The IC Citizen

IC citizenship is about being supportive and giving something back to the internal communications profession as a whole. It is the very essence of the power of our collective and what makes us unique. Here are a few tips on how to be a good IC Citizen. Join the movement by following @theICcitizen.

Last week I was at an internal communicators networking event in Leeds. As I looked around the room at everyone chatting, sharing experiences and making new connections it reminded me what a supportive and generous profession we are and how lucky I am to be a part of it. In some ways this generosity is what defines our profession and sets us apart from others.

Internal communication is still a relatively new industry that’s not heavily commercialised and where everyone isn’t just trying to make a buck out of everyone else. This possibly explains why most people who work in it are still willing to share so unconditionally. However, I’ve noticed a growing commercial dimension over the last few years with increasing marketisation in our sector mostly focused on internal communications technology, awards, skills and learning.

As the internal communications profession matures and commercialisation inevitably increases, how do we ensure that we remain a supportive community which becomes ever more cohesive? I think that this is about each of us being a good ‘IC Citizen’. 

The good IC Citizen

Being a good IC Citizen is about being supportive towards, and giving something back to our profession as a whole. IC citizenship binds us together as a powerful collective to drive the evolution of internal communication towards the strategic management function it needs to become, and away from being the purely tactical, organisational post office.

Here are a few tips on how to be a good IC Citizen. Do let me know @theICcitizen
if you have any suggestions to add to these.

Network more

There are a host of opportunities to network with other internal communicators and many of them will cost you nothing other than your time. Networking is a great opportunity to be an IC Citizen by giving something back ‘in the moment’, sharing your knowledge with others who may be less experienced than you. In addition, the more people you know and connections you make in the internal communications community, the more cohesive and coherent we will become as an overall profession. United we stand!

Participate in the debate

To evolve internal communication and fulfil our professional destiny, we need to continuously share and test new ideas. This means challenging existing thinking through constructive debate, research and critical analysis whenever the opportunity to do so presents itself. The more of us that contribute our knowledge and experience to the debate, the quicker we will grow and evolve as a profession.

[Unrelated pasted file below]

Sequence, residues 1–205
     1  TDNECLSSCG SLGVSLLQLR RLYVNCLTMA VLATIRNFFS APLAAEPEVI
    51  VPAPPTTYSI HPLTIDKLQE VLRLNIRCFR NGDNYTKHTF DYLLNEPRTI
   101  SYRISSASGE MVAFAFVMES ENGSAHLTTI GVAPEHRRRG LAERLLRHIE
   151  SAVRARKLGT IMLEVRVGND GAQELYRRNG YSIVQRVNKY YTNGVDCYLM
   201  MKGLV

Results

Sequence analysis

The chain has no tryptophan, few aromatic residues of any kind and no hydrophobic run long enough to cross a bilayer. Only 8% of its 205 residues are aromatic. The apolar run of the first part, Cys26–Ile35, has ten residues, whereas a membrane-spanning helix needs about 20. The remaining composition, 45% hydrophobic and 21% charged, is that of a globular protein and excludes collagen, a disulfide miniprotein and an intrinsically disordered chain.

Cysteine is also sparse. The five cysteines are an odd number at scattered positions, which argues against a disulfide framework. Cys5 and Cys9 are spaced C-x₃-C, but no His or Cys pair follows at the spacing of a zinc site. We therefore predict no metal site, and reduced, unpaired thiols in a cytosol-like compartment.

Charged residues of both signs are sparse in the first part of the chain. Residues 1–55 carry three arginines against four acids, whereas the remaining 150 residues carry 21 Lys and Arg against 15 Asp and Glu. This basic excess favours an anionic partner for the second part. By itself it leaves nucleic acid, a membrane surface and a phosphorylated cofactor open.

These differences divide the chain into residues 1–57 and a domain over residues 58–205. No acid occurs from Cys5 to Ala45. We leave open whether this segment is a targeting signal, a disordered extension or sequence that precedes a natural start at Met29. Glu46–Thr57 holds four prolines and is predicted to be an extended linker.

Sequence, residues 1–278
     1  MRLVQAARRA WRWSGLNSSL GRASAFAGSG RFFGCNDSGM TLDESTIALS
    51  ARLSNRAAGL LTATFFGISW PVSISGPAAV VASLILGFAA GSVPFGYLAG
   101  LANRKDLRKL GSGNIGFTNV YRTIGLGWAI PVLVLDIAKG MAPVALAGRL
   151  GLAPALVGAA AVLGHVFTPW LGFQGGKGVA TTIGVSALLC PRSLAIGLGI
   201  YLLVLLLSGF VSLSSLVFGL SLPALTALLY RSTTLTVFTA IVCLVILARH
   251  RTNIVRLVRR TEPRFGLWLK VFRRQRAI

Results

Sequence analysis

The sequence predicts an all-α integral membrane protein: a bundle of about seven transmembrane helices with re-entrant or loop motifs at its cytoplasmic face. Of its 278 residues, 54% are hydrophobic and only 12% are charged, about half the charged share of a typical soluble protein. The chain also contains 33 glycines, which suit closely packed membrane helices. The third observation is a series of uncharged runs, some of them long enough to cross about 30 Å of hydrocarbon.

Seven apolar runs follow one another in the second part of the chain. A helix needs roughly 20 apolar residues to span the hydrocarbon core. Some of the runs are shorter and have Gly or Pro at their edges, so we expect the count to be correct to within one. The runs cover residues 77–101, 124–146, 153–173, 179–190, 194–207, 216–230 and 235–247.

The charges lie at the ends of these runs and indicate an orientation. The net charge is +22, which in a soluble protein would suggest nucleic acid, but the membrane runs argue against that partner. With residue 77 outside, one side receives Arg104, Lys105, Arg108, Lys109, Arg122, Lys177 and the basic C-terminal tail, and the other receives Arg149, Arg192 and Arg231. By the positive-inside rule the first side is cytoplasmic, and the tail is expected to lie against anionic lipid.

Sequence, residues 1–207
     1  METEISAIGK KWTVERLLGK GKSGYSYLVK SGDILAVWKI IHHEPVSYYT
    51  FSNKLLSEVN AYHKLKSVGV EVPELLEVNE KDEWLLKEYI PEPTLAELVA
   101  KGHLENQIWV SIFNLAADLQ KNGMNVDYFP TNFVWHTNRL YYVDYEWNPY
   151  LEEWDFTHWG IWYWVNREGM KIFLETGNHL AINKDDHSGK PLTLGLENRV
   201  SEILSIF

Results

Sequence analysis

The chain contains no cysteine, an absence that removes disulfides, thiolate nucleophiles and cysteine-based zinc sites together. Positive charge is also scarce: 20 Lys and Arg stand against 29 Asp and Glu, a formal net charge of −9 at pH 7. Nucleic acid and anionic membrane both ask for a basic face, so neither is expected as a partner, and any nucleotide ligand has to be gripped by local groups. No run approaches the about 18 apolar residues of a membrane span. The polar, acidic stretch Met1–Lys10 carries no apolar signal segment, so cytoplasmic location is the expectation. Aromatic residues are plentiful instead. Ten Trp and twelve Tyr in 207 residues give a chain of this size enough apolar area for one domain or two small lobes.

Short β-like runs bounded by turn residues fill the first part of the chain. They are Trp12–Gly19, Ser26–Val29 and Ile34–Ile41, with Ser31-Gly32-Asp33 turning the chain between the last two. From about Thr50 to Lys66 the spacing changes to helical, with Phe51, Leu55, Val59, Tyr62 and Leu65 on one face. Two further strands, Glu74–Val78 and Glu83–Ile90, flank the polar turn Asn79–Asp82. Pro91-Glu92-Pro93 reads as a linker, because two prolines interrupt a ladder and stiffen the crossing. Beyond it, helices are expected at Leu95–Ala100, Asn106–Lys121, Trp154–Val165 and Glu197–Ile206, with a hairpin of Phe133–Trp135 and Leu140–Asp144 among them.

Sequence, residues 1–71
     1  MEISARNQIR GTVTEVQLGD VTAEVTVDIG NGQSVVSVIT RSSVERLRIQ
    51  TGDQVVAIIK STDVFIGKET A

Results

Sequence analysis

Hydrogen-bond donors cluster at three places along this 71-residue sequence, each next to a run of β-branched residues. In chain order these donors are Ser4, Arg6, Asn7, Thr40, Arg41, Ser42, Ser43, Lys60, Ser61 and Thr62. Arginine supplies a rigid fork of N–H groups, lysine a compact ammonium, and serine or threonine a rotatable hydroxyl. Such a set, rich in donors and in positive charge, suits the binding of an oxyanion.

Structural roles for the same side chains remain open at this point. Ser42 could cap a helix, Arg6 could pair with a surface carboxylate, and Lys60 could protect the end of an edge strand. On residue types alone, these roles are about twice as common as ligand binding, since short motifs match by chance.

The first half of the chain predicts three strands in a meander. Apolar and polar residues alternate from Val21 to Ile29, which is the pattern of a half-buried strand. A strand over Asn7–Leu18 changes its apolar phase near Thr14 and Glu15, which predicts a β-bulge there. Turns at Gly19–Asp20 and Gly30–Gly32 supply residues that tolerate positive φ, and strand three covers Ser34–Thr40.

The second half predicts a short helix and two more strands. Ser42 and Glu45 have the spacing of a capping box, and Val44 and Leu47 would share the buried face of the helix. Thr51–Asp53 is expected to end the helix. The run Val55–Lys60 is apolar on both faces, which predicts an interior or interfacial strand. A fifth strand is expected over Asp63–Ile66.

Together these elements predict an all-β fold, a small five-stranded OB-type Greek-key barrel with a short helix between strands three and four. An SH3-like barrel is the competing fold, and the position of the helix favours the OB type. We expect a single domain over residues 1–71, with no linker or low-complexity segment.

There are a few easy ways you can do this. Maybe join one of the regular twitter chats such as #commschat or #PowerAndInfluence, speak at an event or write a blog as I do. There are also a host of communication focused websites, organisations, agencies and professional bodies on the lookout for internal communications people to contribute content, experience, opinion and learning.

Don’t be shy. Make them an offer to contribute something, they will most likely say yes.

Offer constructive challenge

It happens to us nearly everyday doesn’t it? Being faced with people who think they can do our internal communications job because they can (mostly) string together a coherent sentence. I think that it is incumbent on every single internal communicator to push back on stakeholders and offer constructive challenge when they make requests for tactical communications which have no meaningful business or communication objective.

It’s our responsibility to educate stakeholders about the true value and power of internal communication when it is practiced properly. They are unlikely to take the initiative and educate themselves. I know that offering constructive challenge can be an uncomfortable experience for some of us, but we all need to develop the confidence to do it. I’m a committed introvert and if I can do it, anybody can.

As a good IC Citizen, think about the internal communicator who will come after you when you eventually decide to move on. By continually giving in to spurious tactical requests, are you just creating and entrenching a problem which someone else in our community will eventually have to address and sort out?  

Enter awards (but for the right reasons)

I recently published a blog about the growing number of internal communication awards competitions. It seems that many people enter for the potential recognition. However, to unlock the true value of awards as a contributor to our collective body of knowledge I don’t think the primary motivation should be all about the glory of winning.

If you’ve got internal communications work that is good enough to enter an awards competition, enter because it’s an opportunity to share your knowledge and capability with the rest of the profession.